Thursday, May 3, 2018

Make Being An Idiot Great Again

What we should all want out of life is to get away with being uneducated serial fucking morons...

I want to go back to what I wrote back in August 2014, the last time oil collapsed, to update my thinking on the subject of peak oil. Back then, the supply side aspect of my hypothesis: over-investment leading to price collapse played out in spades, as oil fell -76% in just over a year. But since it wasn't yet the end of the cycle, the demand side of my hypothesis had yet to play out. Now as we see below, they're both coming to a head at the same time...

Oil price (black) with consumer delinquencies (red):

The central tenet of the peak oil hypothesis isn't that the world would one day run out of oil, but that oil would become ever-more scarce requiring ever-more capital investment to extract it. This constraint would lead to very wide price swings from rock bottom below-investment-level prices during recession, to "tight markets" and skyrocketing prices at the end of the cycle i.e. what we are seeing now - prices that will ensure recession.

Here is where it gets interesting, because on the demand side of the equation, per my hypothesis, the "SUV lifestyle" should be coming to an end: 

"Oversized SUVs driving to the shopping mall or 50 miles away to soccer practice, will be a thing of the past. High fixed costs of production won't mix well with collapsed purchasing power"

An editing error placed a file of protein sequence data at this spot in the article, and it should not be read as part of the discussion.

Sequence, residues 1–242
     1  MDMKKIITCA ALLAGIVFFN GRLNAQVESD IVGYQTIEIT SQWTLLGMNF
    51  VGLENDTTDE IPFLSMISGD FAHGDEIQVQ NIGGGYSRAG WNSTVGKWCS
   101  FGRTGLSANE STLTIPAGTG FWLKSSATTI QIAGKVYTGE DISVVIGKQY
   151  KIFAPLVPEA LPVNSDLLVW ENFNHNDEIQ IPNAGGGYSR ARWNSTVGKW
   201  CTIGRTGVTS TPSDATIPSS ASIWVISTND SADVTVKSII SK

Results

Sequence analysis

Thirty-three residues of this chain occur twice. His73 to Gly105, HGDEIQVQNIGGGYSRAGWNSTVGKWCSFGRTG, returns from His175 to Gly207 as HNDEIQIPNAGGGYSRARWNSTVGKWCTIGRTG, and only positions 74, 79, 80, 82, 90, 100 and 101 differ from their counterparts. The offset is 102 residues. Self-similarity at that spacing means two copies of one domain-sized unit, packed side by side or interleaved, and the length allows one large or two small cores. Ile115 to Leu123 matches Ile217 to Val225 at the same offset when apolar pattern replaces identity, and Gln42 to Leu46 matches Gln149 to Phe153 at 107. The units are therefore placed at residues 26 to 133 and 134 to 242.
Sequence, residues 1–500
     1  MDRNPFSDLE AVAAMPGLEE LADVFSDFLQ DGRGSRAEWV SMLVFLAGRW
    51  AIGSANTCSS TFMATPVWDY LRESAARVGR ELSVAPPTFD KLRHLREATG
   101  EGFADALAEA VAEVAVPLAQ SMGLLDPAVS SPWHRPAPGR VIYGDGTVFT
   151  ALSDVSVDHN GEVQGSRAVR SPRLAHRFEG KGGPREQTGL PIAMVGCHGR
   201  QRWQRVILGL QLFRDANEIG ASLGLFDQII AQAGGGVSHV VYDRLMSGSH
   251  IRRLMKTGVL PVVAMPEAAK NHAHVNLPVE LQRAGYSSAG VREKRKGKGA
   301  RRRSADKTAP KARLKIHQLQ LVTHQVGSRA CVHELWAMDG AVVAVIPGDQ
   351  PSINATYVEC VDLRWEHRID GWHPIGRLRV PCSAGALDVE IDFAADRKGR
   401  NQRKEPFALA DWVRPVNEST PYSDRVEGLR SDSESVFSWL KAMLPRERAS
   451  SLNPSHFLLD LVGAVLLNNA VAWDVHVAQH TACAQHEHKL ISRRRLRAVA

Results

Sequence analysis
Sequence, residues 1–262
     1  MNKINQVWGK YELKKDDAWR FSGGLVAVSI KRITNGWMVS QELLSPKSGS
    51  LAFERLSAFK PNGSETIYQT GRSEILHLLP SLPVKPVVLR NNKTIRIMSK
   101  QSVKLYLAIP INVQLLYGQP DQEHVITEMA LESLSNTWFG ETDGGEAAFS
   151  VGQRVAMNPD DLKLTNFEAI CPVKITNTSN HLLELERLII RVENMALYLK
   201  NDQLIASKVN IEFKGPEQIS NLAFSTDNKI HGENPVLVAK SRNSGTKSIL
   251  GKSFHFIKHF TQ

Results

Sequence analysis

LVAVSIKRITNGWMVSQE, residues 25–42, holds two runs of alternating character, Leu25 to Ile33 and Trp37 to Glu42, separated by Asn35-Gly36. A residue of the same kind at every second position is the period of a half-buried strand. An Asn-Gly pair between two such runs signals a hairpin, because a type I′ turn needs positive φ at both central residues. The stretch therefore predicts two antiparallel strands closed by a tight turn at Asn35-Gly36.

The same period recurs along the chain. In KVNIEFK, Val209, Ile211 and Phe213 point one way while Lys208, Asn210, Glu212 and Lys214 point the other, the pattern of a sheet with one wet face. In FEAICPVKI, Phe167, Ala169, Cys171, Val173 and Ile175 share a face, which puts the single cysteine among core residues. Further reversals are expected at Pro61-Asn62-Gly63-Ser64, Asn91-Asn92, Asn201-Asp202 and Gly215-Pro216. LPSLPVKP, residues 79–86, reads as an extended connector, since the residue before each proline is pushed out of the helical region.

But it turns out that very few people got that memo. Because light truck sales are now at record extremes relative to passenger car sales and Ford just announced they are no longer going to make cars, aside from a few token models.

Below we see that the ratio of light trucks (SUVs/pickups relative to cars) is off the charts:

This demand-side phenomenon of forgetting the recent past is important because it has served to increase the demand side price sensitivity (elasticity) to small changes in oil. 

In other words the price threshold for what is defined as "pain at the pump" keeps going lower:

"People forget very, very quickly," Kloza said, noting that the average U.S. gasoline price remains well below the $3.60 per gallon it was five years ago."

Indeed, people forget how quickly this all ends.

"SINGAPORE: Oil prices dipped on Thursday, weighed down by swelling US crude inventories and record weekly US production that is countering efforts by producer group OPEC to cut supplies and prop up prices."

“The (EIA) report showed a much larger than expected crude build for last week as well as an unexpected build in gasoline inventories,”

Put it all together, what do you get? Peak supply AND demand occurring at a much lower price level:


"The pain among smaller lenders has parallels with the subprime mortgage crisis last decade, when the demise of finance companies like Ownit Mortgage and Sebring Capital Partners were a harbinger that bigger losses for the financial system were coming. In both cases, rising interest rates helped trigger more loan losses."

This week:

"Major automakers on Tuesday posted lower new vehicle sales in April as consumer demand continued to weaken following a lengthy boom for the industry."

Ford Motor posted a 4.7-percent decline in sales, with retail sales to consumers down 2.6 percent. The No. 2 U.S. automaker said sales of its popular pickup trucks were up 0.9 percent, but SUV and passenger car sales were down 4.6 percent and 15 percent respectively."

July 2008:

"Ford is hoping to persuade its American customers of the charms of modestly sized European vehicles such as the Fiesta, the Focus and the Transit van as it struggles to find a way to reverse plummeting sales of its gas-guzzling range of larger US vehicles."